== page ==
Doctor Who: The Complete Second Series review, Doctor Who: Season 2 DVD review

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Buy your copy from Doctor Who: The Complete Second Series (2006) starstarstarstarstar Starring: David Tennant, Billie Piper, Camille Coduri, Noel Clarke
Director: Various
Category: Sci-Fi
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“Doctor Who,” that staple of British sci-fi, made a tremendous return to the BBC in 2005, the first time it had appeared as a regular series in 16 years. Thanks to the significant increase in special effects technology over the years, the Doctor’s adventures looked better than ever and, under the watchful eye of executive producer (and super-fan) Russell T. Davies, the scripts – many of them written by Davies himself – were creative, funny, and downright exciting.

Of course, let us not forget the fantastic performance of Christopher Eccleston as the ninth fellow to fill the Doctor’s shoes. At the end of the last episode of the new series, however, the Doctor died and, as Time Lords are wont to do, he regenerated. It was time, therefore, to say “so long” to Mr. Eccleston and “hello” to David Tennant, a.k.a. the Tenth Doctor. Whenever there’s a new Doctor, fans start to get a bit antsy, wondering what this actor will bring to the role; it’s even more disconcerting when the previous actor has, as Eccleston did, created an original, definitive take on the character. Fortunately, Tennant’s easy wit and slightly rubber-faced looks found him stepping in the Doctor’s shoes – in this case, a pair of sneakers – without incident; it takes very little time for viewers to accept him in the part.

Billie Piper returns for the second series as the Doctor’s companion, Rose Tyler, who, unlike the viewing audience, does require a bit of time to warm up to the new face of her fellow traveler. When she does, however, it results in a relationship that’s decidedly different from any the Doctor has previously had with one of his companions. Oh, sure, the ladies all love the Doc; this is borne out in “School Reunion,” when Sarah Jane, who accompanied the Doctor during his floppy hat and rainbow scarf era, makes an appearance and reveals how she felt about him at the time they were traveling together. It’s rare, however, for the Doctor to ever even come close to reciprocating…but he spends much of this season on the verge. (Seriously, the sexual tension between Rose and the Doctor is so thick that even the Doctor’s trusty sonic screwdriver would have trouble putting a dent in it.)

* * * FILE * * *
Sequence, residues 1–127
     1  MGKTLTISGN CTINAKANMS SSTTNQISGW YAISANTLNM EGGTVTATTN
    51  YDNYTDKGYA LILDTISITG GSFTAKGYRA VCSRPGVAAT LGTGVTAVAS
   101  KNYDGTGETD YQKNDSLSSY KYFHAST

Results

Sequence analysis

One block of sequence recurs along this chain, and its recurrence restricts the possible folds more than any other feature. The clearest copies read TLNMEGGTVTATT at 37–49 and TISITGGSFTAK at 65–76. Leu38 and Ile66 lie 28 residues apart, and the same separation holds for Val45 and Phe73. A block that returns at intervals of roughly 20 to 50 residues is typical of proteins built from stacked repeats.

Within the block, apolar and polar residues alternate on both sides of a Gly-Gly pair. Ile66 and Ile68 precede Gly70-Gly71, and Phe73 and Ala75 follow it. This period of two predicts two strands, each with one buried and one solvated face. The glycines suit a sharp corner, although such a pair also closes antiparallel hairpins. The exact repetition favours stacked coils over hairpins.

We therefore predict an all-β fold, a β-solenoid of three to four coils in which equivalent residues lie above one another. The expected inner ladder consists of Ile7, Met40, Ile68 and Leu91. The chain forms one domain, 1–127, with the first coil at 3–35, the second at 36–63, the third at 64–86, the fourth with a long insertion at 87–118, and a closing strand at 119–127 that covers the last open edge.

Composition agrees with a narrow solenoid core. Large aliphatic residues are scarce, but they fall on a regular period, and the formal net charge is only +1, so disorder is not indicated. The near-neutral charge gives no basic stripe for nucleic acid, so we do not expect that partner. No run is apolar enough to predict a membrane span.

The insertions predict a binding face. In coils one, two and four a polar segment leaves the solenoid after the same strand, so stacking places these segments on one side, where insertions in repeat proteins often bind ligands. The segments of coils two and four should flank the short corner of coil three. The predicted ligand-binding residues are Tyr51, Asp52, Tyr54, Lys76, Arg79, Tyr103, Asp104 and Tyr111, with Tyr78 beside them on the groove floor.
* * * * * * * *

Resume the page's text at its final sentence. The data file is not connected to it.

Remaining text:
As with the previous season, the scripts walk just the right line between introducing new characters and revisiting old favorites from the Doctor’s earlier incarnations, both heroes (K-9, baby!) and villains (the Cybermen). Davies even makes a point of bringing back a character he created during his first season on the show – Cassandra – in the first proper episode of the new season, in order to ease the transition into the new Doctor. Rose’s mum and ex-boyfriend also make several appearances in the various present-day exploits, but there are visits into the past (battling a werewolf whilst in the company of Her Majesty Queen Victoria), the near future (the 2012 Olympic Games), and the not-very-near-at-all future as well. (How does the year 5,000,000,023 grab you?) We’re also introduced to an organization called Torchwood, kind of the “Men in Black” for the British Empire; it’s a cool concept, and one which has resulted in a spin-off series on the BBC. (No word yet, however, on a US airing.) Given the media attention it received, it’s not really a spoiler to reveal that Billie Piper isn’t returning for the show’s upcoming third season, but it would be one to clarify how Rose departs from the Doctor’s company; suffice it to say that the performances by both Piper and Tennant during their final episode together are brilliant.

Can Series Three hold up to the standards set by these first two series? We’ll find out soon enough.

Special Features:
Once again, BBC Video hooks up the Doctor’s obsessive fanbase, this time with over four hours’ worth of bonus material. There are a mixture of audio and in-video commentaries throughout the various episodes, along with the video diaries of both David Tennant and Billie Piper, as well as deleted scenes and outtakes. For the non-Brits who’d like to fill in the blanks on the goings-on between the new Doctor’s arrival in the TARDIS and the TARDIS’s arrival back in London, check out the segment called “The ‘Children in Need’ Special” (the scene appeared as part of a telethon for the organization). Lastly, fans of the “Doctor Who Confidential” segments on the last set will be pleased to find another season’s worth appearing this time around as well.

~Will Harris